In the latest new world of the NHS, GP practices run clinical commissioning groups and CCGs consist of their practices. The concerns of the one are the concerns of the other.
However, quite independently of these changes, general practice is about to enter a year of unprecedented pressure.
Practices will have increased demands upon their time, coupled with less remuneration (and, therefore, reduced ability to buy in the services of other clinicians).
Burnout looms ominously on the horizon. A significant number of GPs are planning to retire early, while reduced numbers are entering vocational training courses. And now, just to add to the stress, there are calls for GPs to take over out-of-hours care…
This could easily become a vicious circle in which the whole of primary care becomes unstable and collapses. What can informaticians do to help?
Looking for efficiency
With declining numbers of GPs working with reduced resources in the face of a rising workload there is only one thing that can be done to contain the situation – and that is to work more efficiently.
This means discarding inessential work, the efficient delegation of clinical duties, demand management, and better-quality risk management of chronic illness.
But there’s another way to improve efficiency – one that seems so insignificant that hardly anyone gives it a moment’s thought. And that’s fine-tuning existing systems to make them ultra-quick.
At the heart of this idea is a simple mantra: even the smallest saving of time or effort can bring vast rewards if that activity is repeated many times a day.
Consider the electronic call-in board in the waiting room. In my practice, when we wanted to see the next patient, we used to buzz the receptionist, who would call-in the next person on the list.
Except it wasn’t as simple as that. The receptionist was probably engaged in something else, and by the time she had disentangled herself, worked out which clinician was ready for a patient, found the next patient, and called them in, another 20 seconds had gone by.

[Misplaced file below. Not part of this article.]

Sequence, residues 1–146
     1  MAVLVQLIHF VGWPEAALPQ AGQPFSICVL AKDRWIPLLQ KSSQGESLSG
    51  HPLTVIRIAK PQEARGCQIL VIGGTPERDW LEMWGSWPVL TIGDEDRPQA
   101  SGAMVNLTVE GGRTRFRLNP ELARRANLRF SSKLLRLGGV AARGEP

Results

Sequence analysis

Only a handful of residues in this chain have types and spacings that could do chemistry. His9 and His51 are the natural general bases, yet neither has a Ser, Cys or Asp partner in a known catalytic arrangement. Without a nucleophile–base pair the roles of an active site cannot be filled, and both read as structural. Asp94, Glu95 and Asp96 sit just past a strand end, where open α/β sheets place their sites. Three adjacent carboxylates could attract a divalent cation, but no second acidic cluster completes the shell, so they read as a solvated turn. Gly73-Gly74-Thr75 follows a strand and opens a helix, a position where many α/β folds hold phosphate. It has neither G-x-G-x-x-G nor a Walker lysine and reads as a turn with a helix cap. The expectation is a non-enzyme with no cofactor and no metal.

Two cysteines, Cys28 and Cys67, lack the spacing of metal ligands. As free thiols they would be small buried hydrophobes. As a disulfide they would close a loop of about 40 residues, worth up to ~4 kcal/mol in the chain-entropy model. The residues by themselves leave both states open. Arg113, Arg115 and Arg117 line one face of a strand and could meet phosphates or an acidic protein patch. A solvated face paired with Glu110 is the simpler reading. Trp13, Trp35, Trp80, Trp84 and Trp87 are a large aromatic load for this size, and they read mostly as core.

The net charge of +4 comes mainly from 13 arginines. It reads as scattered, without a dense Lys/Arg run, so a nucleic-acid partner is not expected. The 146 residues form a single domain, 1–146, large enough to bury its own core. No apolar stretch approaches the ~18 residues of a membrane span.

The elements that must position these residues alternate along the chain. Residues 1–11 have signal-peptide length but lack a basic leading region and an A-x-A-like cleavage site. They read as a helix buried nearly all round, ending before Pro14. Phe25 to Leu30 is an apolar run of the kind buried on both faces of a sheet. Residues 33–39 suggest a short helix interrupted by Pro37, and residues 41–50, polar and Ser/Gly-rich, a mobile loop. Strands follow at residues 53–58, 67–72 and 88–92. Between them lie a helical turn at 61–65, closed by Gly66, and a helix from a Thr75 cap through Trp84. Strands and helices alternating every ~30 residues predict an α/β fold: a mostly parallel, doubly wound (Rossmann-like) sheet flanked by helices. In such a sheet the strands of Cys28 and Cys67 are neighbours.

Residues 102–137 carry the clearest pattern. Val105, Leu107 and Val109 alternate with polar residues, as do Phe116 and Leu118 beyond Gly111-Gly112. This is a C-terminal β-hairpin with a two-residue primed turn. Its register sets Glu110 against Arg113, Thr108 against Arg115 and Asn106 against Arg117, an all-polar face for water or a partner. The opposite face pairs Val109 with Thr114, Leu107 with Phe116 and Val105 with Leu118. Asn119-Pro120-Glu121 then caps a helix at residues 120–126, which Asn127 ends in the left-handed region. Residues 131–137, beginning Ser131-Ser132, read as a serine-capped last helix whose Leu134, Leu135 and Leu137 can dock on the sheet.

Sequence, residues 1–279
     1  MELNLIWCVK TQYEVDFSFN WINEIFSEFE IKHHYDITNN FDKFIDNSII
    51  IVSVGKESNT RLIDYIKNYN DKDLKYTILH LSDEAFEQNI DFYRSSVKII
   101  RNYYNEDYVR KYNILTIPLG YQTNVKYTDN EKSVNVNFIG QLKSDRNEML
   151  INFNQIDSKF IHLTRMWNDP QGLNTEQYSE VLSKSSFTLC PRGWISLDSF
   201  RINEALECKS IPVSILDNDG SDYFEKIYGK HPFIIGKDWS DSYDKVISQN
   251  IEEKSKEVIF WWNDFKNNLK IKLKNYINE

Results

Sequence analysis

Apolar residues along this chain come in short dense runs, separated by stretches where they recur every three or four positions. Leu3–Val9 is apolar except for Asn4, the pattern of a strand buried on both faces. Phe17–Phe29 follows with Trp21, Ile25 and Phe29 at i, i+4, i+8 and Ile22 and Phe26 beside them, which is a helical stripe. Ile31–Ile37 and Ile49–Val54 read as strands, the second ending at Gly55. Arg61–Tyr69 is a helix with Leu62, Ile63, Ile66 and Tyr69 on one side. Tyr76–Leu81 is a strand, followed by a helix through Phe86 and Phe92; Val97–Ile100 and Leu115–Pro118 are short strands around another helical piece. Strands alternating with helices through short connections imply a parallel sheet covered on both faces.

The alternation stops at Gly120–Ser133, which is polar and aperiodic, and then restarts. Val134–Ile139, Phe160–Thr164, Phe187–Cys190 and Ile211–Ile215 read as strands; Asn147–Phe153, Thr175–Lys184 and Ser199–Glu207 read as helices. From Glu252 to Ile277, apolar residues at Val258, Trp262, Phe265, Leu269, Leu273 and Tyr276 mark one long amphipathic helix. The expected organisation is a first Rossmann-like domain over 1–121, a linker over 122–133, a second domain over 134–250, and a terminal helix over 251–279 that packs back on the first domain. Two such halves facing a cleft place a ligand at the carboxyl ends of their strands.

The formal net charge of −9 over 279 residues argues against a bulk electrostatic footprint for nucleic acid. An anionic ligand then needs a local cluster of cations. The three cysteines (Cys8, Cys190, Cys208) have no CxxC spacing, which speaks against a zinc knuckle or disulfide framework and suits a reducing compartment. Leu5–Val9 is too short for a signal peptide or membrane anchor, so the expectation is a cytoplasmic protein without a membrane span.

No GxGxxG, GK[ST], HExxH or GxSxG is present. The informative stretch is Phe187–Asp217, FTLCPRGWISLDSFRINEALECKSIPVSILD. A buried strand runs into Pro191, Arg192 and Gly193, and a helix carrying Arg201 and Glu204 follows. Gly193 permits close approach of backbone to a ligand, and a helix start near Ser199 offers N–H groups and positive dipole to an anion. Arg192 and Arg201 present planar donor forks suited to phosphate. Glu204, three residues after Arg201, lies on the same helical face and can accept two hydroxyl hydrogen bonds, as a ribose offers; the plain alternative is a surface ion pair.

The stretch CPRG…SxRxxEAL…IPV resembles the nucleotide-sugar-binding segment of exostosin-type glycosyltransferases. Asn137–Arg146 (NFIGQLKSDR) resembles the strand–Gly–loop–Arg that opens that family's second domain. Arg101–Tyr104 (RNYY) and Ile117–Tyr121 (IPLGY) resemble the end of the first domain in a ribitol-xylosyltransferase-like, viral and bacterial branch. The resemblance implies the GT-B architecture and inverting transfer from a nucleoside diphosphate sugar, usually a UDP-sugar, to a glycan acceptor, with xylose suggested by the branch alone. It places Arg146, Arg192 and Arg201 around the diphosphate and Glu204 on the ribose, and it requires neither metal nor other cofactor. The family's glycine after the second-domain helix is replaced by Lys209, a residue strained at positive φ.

By summoning the patient immediately, the call-in board takes out that delay. Saving 20 seconds doesn’t sound much, does it?
Now do the maths. With18 patients in each surgery, that’s six minutes saved – per surgery! With nine surgeries a week, that’s 54 minutes saved – per clinician!
Simply installing a call-in board saves an hour a week for every single clinician in our practice. That’s a lot of time.
And that’s only the beginning. Many computer activities are repeated very frequently during the day: inputting blood pressuresand peak flows, standard recording of medical examinations, renewing prescriptions… the list is almost endless.
By using shortcuts and macros – either built into the primary care application, or from third party programs such as Macro Express – practices can speed up these processes enormously.
For example, I can write down a fully documented examination in free text using just six macro clicks – and then I go back and alter the free text wherever appropriate. Using macros saves me hours each week.
I call this principle ‘shaving time’ (imagine Sean Connery saying it, and you’ll get the point). By shaving small amounts off the time taken to do common activities it is possible to save large quantities of time overall.